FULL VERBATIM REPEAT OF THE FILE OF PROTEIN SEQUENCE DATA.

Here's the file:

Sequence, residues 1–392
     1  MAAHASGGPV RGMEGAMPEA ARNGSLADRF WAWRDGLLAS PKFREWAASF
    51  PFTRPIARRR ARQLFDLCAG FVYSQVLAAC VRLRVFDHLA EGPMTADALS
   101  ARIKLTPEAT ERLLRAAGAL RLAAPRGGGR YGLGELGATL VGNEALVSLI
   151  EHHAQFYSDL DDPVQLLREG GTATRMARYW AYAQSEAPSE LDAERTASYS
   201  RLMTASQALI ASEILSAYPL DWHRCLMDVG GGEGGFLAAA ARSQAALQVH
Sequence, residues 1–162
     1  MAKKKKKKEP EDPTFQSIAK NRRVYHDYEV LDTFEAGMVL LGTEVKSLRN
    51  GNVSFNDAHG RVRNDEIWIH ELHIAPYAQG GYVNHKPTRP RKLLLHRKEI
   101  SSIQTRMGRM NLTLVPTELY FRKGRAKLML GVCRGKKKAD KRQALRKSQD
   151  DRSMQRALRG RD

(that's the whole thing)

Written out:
Sequence, residues 1–392
     1  MAAHASGGPV RGMEGAMPEA ARNGSLADRF WAWRDGLLAS PKFREWAASF
    51  PFTRPIARRR ARQLFDLCAG FVYSQVLAAC VRLRVFDHLA EGPMTADALS
   101  ARIKLTPEAT ERLLRAAGAL RLAAPRGGGR YGLGELGATL VGNEALVSLI
   151  EHHAQFYSDL DDPVQLLREG GTATRMARYW AYAQSEAPSE LDAERTASYS
   201  RLMTASQALI ASEILSAYPL DWHRCLMDVG GGEGGFLAAA ARSQAALQVH
Sequence, residues 1–162
     1  MAKKKKKKEP EDPTFQSIAK NRRVYHDYEV LDTFEAGMVL LGTEVKSLRN
    51  GNVSFNDAHG RVRNDEIWIH ELHIAPYAQG GYVNHKPTRP RKLLLHRKEI
   101  SSIQTRMGRM NLTLVPTELY FRKGRAKLML GVCRGKKKAD KRQALRKSQD
   151  DRSMQRALRG RD